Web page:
The world got the news last night that Apple co-founder Steve Jobs had died at his home at the age of 56. It has been interesting reading the reflections on his life, but a number of things bother me.
I was a proud owner of an original Macintosh Computer (1984), so I hopped on the Apple bandwagon very early. When I started Celebration Church I really debated about going with Mac's but at the time there just wasn't much church oriented software out there (there still isn't) and I could not justify the cost. I own the I-pod, I-phone and I-pad and just today ordered a Mac Book Pro for the Church.
I say all that because I think it is important that I separate my feelings for Apple with Steve Jobs the human. One of the things that has long disturbed me is Jobs' lack of interest in philanthropy. I know that Jobs' was a very private person, but his personal life left many things to be desired. I don't need to detail any of that but the thing that struck me was his unwillingness to join Warren Buffett and Bill Gates' "Giving Pledge" in which they invited the super-rich to join them in donating at least half their wealth to worth causes.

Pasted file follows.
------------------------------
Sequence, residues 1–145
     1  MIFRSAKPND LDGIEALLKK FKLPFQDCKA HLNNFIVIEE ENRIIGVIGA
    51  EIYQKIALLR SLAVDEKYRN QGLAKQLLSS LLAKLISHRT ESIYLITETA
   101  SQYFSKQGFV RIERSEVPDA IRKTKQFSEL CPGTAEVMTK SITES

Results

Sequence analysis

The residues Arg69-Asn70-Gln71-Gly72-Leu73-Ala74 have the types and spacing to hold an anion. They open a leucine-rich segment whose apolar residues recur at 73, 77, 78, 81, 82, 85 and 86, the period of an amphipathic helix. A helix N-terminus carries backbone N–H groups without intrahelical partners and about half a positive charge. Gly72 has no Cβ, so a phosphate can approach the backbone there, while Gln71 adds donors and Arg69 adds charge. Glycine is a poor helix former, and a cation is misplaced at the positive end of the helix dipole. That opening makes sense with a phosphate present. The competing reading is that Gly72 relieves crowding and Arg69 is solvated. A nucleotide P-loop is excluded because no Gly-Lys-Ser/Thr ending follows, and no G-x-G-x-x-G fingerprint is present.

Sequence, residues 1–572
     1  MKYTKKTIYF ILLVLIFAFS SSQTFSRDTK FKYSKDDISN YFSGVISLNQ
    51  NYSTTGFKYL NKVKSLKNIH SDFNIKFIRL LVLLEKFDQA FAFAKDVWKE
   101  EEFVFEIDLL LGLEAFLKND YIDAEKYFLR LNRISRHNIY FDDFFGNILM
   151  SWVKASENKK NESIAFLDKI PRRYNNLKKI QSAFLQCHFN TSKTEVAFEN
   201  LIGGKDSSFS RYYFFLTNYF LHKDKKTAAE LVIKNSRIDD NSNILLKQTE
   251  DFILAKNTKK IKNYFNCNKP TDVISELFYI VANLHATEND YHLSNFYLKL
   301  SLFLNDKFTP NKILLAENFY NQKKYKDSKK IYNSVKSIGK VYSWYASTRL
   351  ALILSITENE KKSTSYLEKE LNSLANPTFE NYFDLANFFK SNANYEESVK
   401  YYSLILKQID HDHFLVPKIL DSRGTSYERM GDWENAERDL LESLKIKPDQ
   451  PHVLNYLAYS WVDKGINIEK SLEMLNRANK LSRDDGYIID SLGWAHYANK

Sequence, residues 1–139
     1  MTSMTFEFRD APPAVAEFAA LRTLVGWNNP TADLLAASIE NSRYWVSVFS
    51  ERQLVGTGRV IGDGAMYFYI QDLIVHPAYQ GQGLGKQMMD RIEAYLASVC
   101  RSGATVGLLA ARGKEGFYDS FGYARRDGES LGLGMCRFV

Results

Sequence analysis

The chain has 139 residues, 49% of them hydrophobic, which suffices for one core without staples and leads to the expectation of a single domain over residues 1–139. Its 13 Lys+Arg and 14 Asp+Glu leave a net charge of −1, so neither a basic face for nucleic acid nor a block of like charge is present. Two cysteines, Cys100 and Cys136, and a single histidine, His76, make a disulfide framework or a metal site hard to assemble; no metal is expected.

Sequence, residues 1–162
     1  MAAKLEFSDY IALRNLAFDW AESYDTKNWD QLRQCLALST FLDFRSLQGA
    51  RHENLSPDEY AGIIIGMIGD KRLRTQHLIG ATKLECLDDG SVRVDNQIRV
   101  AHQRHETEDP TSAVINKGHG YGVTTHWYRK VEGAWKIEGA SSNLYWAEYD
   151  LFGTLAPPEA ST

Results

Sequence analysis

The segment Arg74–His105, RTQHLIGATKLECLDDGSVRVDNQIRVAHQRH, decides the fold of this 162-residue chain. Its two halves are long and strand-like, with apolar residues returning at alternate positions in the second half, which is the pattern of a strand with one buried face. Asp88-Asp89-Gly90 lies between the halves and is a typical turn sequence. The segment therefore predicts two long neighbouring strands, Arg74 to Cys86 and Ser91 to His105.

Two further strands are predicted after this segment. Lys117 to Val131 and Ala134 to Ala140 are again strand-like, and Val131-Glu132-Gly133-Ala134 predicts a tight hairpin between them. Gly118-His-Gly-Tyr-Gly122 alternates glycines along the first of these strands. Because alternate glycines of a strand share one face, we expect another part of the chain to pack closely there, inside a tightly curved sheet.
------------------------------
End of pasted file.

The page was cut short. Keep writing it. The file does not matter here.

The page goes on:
Somewhere in the mix while we canonize Steve Jobs', we need to remember that inventing isn't the only thing. Sure he will long be remembered as quite possibly the greatest inventor of our time; but we also need to remember his failure to be inventive with all the wealth that he accumulated. Failure on his part to model for the rest of us ways to be generous, is also a major portion of his legacy.